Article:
by Andy Nowicki
The following is the conclusion of my interview with Juleigh Howard-Hobson, whose book I Do Not Belong to the Baader-meinhof Group and Other Poems is now available from Counter-Currents.com
Part 1 can be read here.
Nowicki: "Or Forever Hold No Peace" is a stirring poem about WW2 veterans, apparently from both the Axis and the Allied side of the war. The poem seems to reflect on a "bright time when/ Hope stood gladly with you, Europa's men." Talk about the inspiration and context for this poem, as well as your reference to the "black sun" (which is also referenced in other poems of the collection). “What is history but a fable agreed upon?” said Bonaparte.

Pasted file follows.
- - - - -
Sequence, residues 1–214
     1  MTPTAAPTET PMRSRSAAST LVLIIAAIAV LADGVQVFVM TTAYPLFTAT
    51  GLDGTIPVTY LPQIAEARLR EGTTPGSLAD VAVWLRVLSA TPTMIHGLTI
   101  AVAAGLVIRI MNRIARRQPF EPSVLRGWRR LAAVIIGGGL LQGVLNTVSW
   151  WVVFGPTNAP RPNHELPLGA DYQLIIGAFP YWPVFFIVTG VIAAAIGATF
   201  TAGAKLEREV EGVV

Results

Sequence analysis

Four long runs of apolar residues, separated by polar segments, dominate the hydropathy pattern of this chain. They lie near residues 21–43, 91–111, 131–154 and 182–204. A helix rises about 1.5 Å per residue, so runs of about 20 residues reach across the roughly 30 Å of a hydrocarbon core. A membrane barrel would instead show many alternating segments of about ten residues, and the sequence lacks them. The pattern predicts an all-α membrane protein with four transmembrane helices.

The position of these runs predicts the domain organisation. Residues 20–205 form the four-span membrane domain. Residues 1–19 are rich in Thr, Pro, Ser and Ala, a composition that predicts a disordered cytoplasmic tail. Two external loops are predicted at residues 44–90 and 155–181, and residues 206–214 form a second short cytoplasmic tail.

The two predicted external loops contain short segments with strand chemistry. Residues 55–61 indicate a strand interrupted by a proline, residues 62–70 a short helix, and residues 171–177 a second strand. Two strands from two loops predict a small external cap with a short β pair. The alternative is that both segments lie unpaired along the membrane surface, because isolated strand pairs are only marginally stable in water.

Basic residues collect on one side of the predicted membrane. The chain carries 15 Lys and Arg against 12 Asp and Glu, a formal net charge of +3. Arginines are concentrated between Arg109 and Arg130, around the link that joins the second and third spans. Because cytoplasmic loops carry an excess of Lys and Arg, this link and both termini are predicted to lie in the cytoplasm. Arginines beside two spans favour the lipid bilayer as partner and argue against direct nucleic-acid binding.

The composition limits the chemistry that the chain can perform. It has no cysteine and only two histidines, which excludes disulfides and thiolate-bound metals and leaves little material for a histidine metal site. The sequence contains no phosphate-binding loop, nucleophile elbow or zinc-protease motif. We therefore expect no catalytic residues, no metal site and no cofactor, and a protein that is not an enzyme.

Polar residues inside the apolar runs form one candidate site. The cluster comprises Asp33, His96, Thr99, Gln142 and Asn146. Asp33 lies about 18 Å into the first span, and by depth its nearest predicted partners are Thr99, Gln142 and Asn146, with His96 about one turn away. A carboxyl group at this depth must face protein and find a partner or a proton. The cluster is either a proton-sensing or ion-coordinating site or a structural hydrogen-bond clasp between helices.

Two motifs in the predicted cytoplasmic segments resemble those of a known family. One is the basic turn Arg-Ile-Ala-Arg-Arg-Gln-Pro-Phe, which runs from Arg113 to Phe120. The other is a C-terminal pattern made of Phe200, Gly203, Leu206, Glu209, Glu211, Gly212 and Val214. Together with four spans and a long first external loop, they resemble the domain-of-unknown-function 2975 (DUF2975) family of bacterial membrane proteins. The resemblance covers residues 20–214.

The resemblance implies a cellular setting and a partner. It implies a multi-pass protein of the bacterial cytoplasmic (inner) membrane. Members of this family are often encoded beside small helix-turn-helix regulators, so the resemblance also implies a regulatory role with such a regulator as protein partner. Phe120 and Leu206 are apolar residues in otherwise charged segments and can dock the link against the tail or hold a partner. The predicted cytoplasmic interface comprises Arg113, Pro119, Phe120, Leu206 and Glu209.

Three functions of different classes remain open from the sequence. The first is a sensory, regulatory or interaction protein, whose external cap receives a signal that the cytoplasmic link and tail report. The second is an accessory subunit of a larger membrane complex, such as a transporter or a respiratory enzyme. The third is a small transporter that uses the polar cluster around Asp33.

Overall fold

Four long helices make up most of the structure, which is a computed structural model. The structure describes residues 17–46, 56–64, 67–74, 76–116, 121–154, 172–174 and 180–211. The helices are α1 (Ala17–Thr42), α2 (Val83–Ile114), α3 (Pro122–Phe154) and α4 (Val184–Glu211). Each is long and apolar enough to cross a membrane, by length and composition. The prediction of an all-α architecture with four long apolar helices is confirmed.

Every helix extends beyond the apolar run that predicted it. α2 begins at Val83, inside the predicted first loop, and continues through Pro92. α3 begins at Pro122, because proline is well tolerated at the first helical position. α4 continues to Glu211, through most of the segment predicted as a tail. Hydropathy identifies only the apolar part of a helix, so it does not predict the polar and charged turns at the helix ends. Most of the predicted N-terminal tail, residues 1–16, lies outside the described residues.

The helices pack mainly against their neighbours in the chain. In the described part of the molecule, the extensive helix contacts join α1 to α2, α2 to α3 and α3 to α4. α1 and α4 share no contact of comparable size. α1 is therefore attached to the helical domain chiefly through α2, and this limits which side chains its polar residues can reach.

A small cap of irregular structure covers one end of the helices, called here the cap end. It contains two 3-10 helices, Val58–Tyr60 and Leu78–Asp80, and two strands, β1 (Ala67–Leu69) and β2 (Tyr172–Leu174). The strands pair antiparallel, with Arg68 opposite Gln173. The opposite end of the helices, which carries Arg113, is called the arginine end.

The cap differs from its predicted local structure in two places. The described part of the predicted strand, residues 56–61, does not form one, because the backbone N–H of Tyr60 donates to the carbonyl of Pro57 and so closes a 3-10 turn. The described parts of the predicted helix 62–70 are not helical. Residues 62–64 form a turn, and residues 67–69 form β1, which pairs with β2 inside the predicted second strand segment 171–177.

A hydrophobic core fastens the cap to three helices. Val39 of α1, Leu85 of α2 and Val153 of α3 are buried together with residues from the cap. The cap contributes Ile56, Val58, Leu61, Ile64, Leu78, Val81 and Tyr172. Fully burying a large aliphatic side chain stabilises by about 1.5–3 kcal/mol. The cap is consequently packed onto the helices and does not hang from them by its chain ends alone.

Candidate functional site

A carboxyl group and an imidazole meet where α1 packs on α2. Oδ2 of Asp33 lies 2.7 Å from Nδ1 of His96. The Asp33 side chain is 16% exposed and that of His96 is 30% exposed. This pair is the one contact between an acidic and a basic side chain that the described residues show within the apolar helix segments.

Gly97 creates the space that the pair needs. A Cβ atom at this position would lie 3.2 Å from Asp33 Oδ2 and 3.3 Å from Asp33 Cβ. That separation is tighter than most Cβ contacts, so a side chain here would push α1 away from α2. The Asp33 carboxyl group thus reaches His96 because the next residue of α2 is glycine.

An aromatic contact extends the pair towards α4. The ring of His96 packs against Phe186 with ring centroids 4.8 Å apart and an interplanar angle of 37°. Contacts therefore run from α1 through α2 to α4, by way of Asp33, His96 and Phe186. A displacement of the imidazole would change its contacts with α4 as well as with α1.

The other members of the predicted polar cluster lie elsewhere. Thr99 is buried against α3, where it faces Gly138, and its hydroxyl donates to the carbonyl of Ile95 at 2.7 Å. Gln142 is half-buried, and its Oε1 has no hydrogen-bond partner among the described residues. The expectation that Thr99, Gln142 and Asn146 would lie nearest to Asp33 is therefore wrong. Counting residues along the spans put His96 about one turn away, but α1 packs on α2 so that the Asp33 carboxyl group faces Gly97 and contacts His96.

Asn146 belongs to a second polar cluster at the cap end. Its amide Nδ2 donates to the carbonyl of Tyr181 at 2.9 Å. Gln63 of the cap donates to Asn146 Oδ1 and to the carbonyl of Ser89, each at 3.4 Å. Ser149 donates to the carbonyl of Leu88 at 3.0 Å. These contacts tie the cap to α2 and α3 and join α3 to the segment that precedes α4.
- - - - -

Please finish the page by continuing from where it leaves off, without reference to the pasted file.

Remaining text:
Howard-Hobson: “Or Forever Hold No Peace” wanted to be written, it came as an image in my head: old grizzled men standing in a line, waiting for a memorial parade to begin. Which memorial, which parade, which men....those things didn’t matter.... all that mattered, as far as the poem was concerned, was that the men were together and they were old and they knew something and they knew that what they knew was not what they were supposed to know—not the official story, not the sanctioned truth, not, perhaps, even the legal truth anymore...but still, they knew it. The poem comes from the frustration of knowing that these grand old men might take something precious to their graves because they don’t know that their truth won’t only fall on deaf ears. That some of us want to know what they knew. On both sides.